Interview: Gospel Rap Artists DLIV, L.I.F.E. Camp Ministries

Living Intensely For Elohim (L.I.F.E) is the mission and message that gospel rap solo artist DLIV and group L.I.F.E Camp Ministries are committed to spreading to fans through their music, lyrics and sound.

Ardale Patrick (DLIV), which stands for Delivered, is the breakout solo artist who signed to Urgency Records and produced the popular singles “Worthy” and “I am a Winner” (featuring Josiah Martin).

L.I.F.E Camp is a Cleveland, Ohio, gospel rap group. Their sound is an uplifting mix of inspiration and encouragement, with their latest single “Breakthrough” an anthem for overcoming obstacles and breaking through challenges.

L.I.F.E Camp members Benjamin Wilson (Choze), Stanford Wilson (Livin Pruf) and Joseph Suddeth (Overflow) formed the group six years ago. Even though many of the group members have been in ministry and performing since 1996, just this year they were signed to Urgency Records.

While the group aspires to have a breakout song or album hit mainstream airwaves, they are committed to staying true, focused and ministry minded.

“I don’t want to compromise my walk. We want to always stay focused on the King First,” Living Pruf said. “I don’t want to lose myself or the reason why I do this.”

The group holds each other accountable for their actions and commitment. Every week the group meets on Wednesday for Bible Study. They have a “real talk” session, meditate, read scripture and write lyrics.

“Everyone writes eight to 16 bars,” Overflow explains, “Then we think about the concept of the song collectively and decide what works and what doesn’t or if there is a need for more hooks.”

CP:  What was the concept behind the song, “I am a Winner?”

DLIV: I had a situation where I fell off. My music reflects my life’s experiences and the trials of my Christian walk. My journey has been great, but this song is for the real people who understand this Christian walk and we are not perfect.

CP:  What gospel rap artist has influence your music and sound?

DLIV: When I first started listening to gospel rap the first album I bought was from the gospel rap artist Ambassador. He was the first person I heard do gospel rap, also Da T.R.U.T.H inspired me to go forward in gospel rap.

CP: Did you ever have thoughts about rapping in the secular world?

DLIV: My personal testimony is that I was never going to do secular rap. I played around with it in school, but I really got serious when I got into the church and got saved. (Rapping secular music) was never a battle for me.

CP: Is there a struggle or challenge to reach non-Christian people or people not typically exposed to gospel rap?

DLIV: It is hard. I have to say there are a lot of people that look at rap in a negative way.  They look at (and assume the message is about) fast cars, degrading women and money. It is very hard for them to accept it. But that is one thing I thank God for our ministry. Urgency Records has helped my music hit the masses quicker and I am able to connect with fans.

CP: Who are you trying to reach with your music and your ministry?

DLIV: Initially I tried to reach young people or the youth, but now I try to reach everybody. I want everyone to understand there is a light and it is important to get out of church walls and hit the streets and hit the masses with this message.

CP: What are your favorite songs on the album?

DLIV: “Worthy” and “I am a Winner.” I wrote those songs from the heart and spirit. I like to take people on a journey and those songs are real personal to me and I want to give people a piece of me.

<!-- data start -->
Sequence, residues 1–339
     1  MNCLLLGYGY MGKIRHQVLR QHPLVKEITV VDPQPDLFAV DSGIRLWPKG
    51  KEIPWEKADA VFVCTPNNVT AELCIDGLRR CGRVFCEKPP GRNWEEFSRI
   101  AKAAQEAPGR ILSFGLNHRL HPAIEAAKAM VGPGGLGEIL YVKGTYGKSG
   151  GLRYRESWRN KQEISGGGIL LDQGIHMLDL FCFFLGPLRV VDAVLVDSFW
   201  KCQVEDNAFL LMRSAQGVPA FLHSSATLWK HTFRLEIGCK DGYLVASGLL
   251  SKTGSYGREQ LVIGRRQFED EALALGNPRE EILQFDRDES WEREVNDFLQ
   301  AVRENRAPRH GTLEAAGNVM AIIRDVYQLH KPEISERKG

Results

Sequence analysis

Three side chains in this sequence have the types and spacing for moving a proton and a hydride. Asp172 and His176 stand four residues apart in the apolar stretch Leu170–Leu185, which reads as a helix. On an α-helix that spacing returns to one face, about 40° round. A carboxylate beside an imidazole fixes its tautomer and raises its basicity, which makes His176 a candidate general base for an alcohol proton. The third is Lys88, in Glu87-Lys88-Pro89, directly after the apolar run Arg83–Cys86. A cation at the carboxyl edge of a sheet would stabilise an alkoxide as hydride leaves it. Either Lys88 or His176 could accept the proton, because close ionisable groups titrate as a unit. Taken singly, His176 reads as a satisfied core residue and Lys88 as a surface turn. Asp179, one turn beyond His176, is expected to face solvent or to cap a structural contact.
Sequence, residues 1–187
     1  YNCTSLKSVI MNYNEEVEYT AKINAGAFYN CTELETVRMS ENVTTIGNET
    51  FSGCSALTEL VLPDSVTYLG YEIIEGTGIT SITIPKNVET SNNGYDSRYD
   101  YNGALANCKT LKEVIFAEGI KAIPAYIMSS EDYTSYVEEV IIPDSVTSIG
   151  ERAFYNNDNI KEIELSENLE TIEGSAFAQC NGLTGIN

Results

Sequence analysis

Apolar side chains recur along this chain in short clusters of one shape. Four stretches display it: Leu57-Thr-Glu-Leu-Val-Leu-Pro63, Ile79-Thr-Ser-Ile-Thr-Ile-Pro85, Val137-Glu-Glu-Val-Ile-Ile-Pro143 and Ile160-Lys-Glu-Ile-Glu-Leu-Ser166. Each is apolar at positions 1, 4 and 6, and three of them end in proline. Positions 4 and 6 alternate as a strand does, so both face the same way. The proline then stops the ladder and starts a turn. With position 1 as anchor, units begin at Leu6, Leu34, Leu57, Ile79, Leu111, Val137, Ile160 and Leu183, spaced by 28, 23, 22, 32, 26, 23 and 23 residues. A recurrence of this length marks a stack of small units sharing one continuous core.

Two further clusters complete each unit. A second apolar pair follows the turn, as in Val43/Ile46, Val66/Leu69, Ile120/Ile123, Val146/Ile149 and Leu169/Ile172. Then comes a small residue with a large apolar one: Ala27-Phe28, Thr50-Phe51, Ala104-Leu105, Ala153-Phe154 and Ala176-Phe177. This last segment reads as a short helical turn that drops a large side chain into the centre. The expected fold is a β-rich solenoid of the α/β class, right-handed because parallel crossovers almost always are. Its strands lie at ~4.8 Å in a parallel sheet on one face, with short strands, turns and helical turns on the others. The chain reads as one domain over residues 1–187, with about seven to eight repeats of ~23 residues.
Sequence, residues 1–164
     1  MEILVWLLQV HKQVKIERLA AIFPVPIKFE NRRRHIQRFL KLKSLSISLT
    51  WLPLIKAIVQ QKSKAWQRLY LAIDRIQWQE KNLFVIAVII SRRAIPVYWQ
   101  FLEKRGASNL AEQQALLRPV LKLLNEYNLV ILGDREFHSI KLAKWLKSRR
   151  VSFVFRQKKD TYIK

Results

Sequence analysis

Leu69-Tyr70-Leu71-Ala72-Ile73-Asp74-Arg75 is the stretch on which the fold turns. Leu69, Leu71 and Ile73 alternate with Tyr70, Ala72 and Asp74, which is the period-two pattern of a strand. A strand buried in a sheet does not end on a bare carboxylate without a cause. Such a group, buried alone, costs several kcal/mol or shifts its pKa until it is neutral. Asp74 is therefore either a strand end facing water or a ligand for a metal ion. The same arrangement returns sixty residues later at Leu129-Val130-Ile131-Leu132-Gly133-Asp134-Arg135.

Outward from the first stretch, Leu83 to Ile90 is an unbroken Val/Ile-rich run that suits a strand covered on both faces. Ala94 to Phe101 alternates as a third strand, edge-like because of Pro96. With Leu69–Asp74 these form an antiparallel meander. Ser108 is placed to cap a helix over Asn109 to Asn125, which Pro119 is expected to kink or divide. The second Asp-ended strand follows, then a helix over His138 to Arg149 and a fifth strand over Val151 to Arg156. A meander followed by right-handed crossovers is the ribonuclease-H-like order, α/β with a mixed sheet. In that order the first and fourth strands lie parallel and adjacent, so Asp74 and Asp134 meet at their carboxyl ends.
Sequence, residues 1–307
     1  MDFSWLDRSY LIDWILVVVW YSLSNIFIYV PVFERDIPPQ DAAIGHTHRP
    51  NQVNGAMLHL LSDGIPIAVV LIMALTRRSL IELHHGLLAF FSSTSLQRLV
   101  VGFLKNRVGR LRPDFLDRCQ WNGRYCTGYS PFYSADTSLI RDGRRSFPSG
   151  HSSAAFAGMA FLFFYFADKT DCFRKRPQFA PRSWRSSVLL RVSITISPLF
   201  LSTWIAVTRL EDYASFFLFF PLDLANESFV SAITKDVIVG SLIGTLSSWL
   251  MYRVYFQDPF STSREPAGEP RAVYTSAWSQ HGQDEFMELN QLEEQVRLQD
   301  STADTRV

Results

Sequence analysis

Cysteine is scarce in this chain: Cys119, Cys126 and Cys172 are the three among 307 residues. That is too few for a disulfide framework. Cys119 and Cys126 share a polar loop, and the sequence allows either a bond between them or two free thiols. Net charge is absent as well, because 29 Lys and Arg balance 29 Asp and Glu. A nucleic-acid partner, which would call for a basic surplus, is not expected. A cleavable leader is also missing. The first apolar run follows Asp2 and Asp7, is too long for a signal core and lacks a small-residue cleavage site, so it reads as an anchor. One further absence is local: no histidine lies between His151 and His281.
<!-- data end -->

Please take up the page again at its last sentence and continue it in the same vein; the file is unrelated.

CP: What are some of your current projects you are working on?

DLIV: I am in study, grinding, and in the studio working on my second project.

CP: What has kept the group together for six years?

Life Camp: Being family, we have looked to each other as brothers. The second thing that holds us together is accountability. We keep each strong and encourage each other, and above all ministry. We are ministry minded. We want to makes sure God speaks through us and uses us so that no matter what comes our way we have each others back. We also have the same type of goals and visions which is to reach the word to as many people as possible.

CP: How has gospel rap changed over the last 10 and 20 years?

Livin Pruf: I think the other thing that has changed gospel rap over the years is the quality. So many different artist are truly artist as well as ministers, so the combination, the artistic background and the ministry is an unstoppable sound.

CP: How do you think gospel groups and gospel rap have broken the barrier to reach mainstream audiences?

Choze: I think that these artists who have become mainstream have actually went out to see what the industry is doing and what the people want. A lot of times gospel rap artist get so focused and their genre that they do not see what is going on in the music industry and what happens is they trap themselves. The artist who have become mainstream have stepped out of those boundaries to get a sense of where people are in their lives. Anytime you can address somebody in their lives and address them directly it is going to grab their attention.

CP: So do you think the messages that mainstream artists are different from the message Independent Artists are making?

Choze: No, I think the way the music is produced and what they are doing to get out there is helping artist who have crossed over into mainstream what they have to possess is drive. Never giving up and staying focused. It really does take time, we started six years ago and we are just getting signed to a label. But we have been doing music since 1996.
So, the time will come and the day will come when things fall into place.

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